How To Cut A Trench In A Concrete Slab


How To Cut A Trench in A Concrete Slab

There are many reasons that you might need to cut a concrete slab but doing so can seem like a daunting task to many. If that describes you, fear not! We are here to help. Whether you are planning to cut a trench in a concrete slab in your basement, your patio, or anywhere else on your property, the process is relatively similar in every case.

To cut a trench in a concrete slab, it is best to use a dedicated concrete saw to get the job done. Not only will a concrete saw reduce the time and effort of cutting through the concrete, but it will also help control the amount of concrete dust created.

This guide is here to serve you as sort of an instructional manual. We’ve included the steps here for you to follow as well as other information that we felt was relevant. Let’s get started!

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Materials Required

There are a few methods that you can use for cutting a trench in a concrete slab. This guide will focus on the easiest and most efficient way to cut through concrete.

The first thing that you will need to do is make sure you have all the necessary equipment. Here is a short list of the things you will need:

Smaller Projects

For smaller projects where concrete slabs less than 6” are to be cut, a circular saw with a diamond blade will do the trick. While abrasive blades can also work, it is likely that you will require many blade replacements as they wear out quickly. A Diamond blade, on the other hand, is much more reliable.

You can get a diamond blade ranging from around 4” to 18” and costing anywhere from $10 to $100, depending on your needs. Prices are comparable at a variety of home improvement stores, including Home Depot and Lowes.

Larger Projects

For larger projects, especially those that require a trench of more than 6-10 feet, a walk-behind wet saw is the best option. Wet saws are also the best for indoor work as long as there is enough space to operate the saw. Using a wet saw will also drastically reduce the amount of concrete dust that is created.

There are a variety of walk-behind wet saws. There is a heavy-duty option from Stark which is great for very large jobs, but smaller options like Skilsaw’s Mudesaw can also get the job done. If you do not wish to purchase the saw outright, you can also rent one for around $100 per day.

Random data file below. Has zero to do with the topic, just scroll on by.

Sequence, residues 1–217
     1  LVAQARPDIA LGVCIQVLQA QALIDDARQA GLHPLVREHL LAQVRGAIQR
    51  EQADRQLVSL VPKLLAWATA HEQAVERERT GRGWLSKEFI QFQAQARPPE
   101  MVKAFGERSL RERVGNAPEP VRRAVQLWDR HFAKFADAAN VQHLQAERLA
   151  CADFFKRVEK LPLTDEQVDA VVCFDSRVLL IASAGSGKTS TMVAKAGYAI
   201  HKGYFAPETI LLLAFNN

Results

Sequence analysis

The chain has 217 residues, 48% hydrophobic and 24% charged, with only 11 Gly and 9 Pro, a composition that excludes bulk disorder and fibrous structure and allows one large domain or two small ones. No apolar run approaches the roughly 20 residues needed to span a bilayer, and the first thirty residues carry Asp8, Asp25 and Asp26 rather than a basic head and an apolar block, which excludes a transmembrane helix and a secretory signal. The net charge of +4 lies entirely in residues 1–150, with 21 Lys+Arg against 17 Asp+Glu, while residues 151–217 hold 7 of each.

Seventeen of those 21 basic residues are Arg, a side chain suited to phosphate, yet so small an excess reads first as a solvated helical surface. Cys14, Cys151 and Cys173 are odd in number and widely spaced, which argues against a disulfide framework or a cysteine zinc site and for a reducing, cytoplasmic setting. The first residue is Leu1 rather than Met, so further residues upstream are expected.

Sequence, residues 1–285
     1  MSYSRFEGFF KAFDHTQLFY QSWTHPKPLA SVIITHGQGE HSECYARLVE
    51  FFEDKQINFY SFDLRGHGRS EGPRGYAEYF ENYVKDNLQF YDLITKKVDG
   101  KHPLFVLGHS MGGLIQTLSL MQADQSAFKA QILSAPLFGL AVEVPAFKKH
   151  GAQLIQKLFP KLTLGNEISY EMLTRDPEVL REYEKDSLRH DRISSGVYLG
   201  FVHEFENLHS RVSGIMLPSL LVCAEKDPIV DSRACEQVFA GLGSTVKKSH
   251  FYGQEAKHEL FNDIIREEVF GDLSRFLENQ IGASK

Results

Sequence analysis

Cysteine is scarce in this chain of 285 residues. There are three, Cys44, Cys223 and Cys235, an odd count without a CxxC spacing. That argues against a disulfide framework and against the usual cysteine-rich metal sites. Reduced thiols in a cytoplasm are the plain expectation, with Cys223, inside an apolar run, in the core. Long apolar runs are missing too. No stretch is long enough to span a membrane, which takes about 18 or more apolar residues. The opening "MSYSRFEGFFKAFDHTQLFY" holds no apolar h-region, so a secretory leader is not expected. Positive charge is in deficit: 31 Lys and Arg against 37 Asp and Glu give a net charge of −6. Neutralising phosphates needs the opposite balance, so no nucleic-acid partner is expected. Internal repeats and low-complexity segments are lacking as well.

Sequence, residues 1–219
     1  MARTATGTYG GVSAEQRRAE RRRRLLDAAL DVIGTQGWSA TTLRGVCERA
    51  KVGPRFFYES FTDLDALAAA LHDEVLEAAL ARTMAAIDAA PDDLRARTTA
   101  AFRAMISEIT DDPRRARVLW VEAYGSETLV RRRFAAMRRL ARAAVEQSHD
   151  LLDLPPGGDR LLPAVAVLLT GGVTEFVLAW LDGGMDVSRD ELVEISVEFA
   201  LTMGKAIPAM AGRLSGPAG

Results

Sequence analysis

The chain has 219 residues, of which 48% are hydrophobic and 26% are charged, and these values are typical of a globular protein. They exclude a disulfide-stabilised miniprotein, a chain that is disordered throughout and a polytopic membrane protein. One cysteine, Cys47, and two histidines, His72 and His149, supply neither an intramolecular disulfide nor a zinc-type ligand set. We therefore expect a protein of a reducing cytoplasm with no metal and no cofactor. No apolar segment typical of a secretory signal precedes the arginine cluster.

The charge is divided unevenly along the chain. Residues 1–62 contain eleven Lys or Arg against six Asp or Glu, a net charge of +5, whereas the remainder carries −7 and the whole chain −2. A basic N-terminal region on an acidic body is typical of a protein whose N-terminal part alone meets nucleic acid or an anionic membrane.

Safety Gear

As with any job involving heavy machinery, there are safety measures that should be taken when cutting a trench in a concrete slab.

Eye And Ear Protection

It is essential to protect your eyes from concrete debris while you are making your cuts. There is an enormous amount of dust created when cutting concrete and it tend to fly around quite a bit. Sawing through concrete is also very loud and some form of ear protection is required.

Filtration Mask

Concrete dust can cause damage to lungs. For that reason, it is important to wear a high filtration dust mask while cutting a trench in a concrete slab.

Knee Pads And Shin Guards

To protect your legs from concrete debris and accidental contact with the saw, knee pads and shin guards should be worn while operating the saw. Not to mention, as debris does fly everywhere at times, it will help to prevent any injuries in the process.

Heavy-Duty Boots And Gloves

Thick gloves designed for heavy work, as well as boots designed to protect your feet in extreme situations, should be worn while cutting concrete. Steel-toed boots are commonly used for their added protective capabilities. This is just in case you drop anything heavy on your toes and catch a sharp edge somewhere, it won’t penetrate your shoe to your skin.

How To Cut A Trench In A Concrete Slab

The following steps outline the most common method for cutting a trench in a concrete slab. Your project may differ in size or scope, but the process will be similar.

Step 1: Determine Which Equipment is Best For Your Project

Depending on the thickness of the concrete that needs to be cut, choosing the best saw for the job will help you immensely.

Using a circular saw with a 7” blade, for example, will allow for cuts up to about 2.5” in depth. Using a larger, walk-behind saw with a 14” blade allows for cuts of up to 5”. The cleanest cut will generally come from the larger, more powerful saws. However, if you’re not comfortable with a larger saw then perhaps you can take your time using a smaller one, or one you’re comfortable using.